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Hydropower: Generate Energy with Rivers and Ocean Tides

An important source of alternative energy is hydropower: converting the flow of rivers and ocean waves and tides into electricity through dams and turbines. The best part about both of these water sources is that they’re 100 percent renewable.

Generate energy with hydropower dams

All rivers and streams flow downhill across the land surface. Humans can convert this motion of water, which is a form of kinetic energy, into electricity by building dams across rivers. Each dam directs the water flow of the river through a system that generates electricity. This figure shows a simple hydropower dam system.

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So how exactly does a dam generate electricity? The dam creates a large lake, or reservoir, of water. The river water then flows from the reservoir through the dam’s penstock (control gate or pipe) into a turbine or large water wheel. As the water pushes the turbine, the kinetic energy is transferred into a generator that converts it into electric energy.

Electric companies can then send the electric energy along wires to provide power to industries or households. Many regions around the world currently depend on hydropower dams to produce electricity.

The Three Gorges Dam in China illustrates both the advantages and the disadvantages of using hydropower energy. The main advantages are that the dam provides China with huge amounts of renewable, clean energy with low monetary costs (other than the initial construction costs). Unfortunately, though, when the Three Gorges Dam was built, it flooded extensive watershed regions, drowning whole villages, whose populations had to relocate above the reservoir waterline.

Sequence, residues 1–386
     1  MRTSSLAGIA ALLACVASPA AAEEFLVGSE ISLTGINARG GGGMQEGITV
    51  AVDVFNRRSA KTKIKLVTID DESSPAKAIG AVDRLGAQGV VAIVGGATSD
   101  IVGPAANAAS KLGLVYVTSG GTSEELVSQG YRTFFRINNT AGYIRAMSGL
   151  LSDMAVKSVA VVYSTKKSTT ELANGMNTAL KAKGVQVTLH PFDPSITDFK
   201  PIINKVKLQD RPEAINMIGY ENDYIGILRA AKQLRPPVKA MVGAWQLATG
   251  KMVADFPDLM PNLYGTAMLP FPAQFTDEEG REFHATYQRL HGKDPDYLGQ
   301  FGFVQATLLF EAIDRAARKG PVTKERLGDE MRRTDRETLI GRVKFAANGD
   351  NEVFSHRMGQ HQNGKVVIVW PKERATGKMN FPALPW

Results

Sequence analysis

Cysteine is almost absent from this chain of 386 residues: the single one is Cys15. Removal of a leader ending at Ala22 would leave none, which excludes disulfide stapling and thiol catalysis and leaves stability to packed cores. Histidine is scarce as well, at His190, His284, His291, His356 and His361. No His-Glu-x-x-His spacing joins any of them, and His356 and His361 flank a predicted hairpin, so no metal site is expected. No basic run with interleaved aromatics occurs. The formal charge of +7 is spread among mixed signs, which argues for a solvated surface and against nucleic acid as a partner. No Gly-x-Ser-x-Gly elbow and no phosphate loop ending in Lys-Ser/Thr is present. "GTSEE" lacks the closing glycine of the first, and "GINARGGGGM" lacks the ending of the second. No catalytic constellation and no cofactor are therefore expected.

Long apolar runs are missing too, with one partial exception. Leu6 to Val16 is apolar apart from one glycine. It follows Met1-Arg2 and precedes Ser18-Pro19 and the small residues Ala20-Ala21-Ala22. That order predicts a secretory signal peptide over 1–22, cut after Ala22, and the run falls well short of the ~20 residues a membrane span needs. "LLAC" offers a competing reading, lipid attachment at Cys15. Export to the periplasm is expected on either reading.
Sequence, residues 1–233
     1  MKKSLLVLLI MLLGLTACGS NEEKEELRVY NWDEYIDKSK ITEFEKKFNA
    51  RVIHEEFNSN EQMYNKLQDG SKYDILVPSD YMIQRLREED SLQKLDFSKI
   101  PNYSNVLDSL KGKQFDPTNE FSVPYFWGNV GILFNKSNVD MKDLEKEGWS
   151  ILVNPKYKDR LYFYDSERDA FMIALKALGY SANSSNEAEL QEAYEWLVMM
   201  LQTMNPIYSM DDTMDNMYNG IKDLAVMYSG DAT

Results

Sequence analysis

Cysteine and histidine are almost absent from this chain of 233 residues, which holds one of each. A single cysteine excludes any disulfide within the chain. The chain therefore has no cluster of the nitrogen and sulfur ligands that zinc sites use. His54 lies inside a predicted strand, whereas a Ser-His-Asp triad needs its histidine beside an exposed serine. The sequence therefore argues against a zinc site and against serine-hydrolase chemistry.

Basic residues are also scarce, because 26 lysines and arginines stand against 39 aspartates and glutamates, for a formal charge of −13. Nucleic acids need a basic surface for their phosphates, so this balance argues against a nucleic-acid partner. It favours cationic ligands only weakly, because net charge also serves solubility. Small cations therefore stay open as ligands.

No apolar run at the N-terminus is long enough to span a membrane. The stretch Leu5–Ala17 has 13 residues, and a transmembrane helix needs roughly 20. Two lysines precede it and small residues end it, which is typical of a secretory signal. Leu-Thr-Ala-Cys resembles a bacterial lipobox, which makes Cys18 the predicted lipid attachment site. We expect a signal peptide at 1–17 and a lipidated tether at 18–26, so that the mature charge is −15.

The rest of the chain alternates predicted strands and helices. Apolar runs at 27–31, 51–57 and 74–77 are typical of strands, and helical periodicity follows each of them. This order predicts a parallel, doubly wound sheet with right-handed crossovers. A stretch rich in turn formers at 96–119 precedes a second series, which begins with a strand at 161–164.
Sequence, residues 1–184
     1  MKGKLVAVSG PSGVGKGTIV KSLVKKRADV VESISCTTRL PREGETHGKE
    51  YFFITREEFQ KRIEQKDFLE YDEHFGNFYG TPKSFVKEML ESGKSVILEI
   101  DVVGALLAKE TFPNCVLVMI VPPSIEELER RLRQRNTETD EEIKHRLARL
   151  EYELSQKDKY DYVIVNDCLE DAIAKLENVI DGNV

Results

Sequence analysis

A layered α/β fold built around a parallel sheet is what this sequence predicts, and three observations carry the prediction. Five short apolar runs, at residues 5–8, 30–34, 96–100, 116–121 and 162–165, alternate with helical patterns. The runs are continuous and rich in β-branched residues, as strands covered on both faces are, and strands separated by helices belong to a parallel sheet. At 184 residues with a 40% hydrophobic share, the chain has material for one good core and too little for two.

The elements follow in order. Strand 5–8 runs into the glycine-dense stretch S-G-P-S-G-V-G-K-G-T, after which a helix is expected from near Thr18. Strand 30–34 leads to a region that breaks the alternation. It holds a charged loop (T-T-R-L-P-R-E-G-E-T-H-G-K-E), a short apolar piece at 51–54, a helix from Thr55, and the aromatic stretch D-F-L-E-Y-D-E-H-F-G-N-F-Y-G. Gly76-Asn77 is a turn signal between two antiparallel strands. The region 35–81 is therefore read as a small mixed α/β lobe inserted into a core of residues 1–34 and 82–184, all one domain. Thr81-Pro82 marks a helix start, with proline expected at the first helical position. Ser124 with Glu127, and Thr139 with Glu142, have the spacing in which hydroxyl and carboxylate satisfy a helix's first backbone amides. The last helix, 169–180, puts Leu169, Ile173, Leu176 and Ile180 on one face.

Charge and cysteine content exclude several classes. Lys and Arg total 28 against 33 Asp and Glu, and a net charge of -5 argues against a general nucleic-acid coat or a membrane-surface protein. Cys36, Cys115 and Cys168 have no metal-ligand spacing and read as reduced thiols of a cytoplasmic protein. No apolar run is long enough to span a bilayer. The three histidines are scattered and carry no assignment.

The building of the dam also destroyed millions of acres of habitat and, thus, had negative effects on biodiversity. The verdict is still out on whether meeting the growing energy needs of China’s people through a clean and renewable energy source (hydropower) is worth the destruction of habitat and the other negative outcomes.

Because many people criticize large hydropower dams for the environmental damage they cause (such as destroying habitat and changing the nature of the river ecosystem), some scientists have started developing new technologies that apply the same principles to capture river energy as a traditional dam without causing as much damage.

For instance, small floating systems such as microhydropower dams and run-of-the-river systems capture kinetic energy from flowing rivers without causing dramatic ecosystem disruption. These smaller hydropower systems use tiny turbines to capture the natural flow of water instead of creating a lake or causing flooding. The smallest systems sit under the surface of the water and have very little impact on the environment around them.

Small-scale systems such as these are examples of what the future of hydropower may look like.

Generate energy with ocean tides and waves

The oceans are another source of hydropower energy. Twice a day as the Earth rotates, the ocean waters move into and away from the coast in what you know as tides. To take advantage of this water flow, scientists have come up with a way to convert the kinetic energy from the tides into electric energy, similar to the way they use river hydropower systems (or dams).

When water flows toward the shore with the incoming tide, it flows through a tidal energy system, turning a turbine that generates electricity. When the tide shifts and flows in the opposite direction, away from shore, the tidal energy system again captures the energy with a turbine and converts it into electricity.

The main advantage of using ocean tides for energy is that tides and waves are a constant, unchanging, clean source of energy. The main disadvantage is that tidal energy systems may impact the environment by changing the flow of water into shoreline and estuarine ecosystems.

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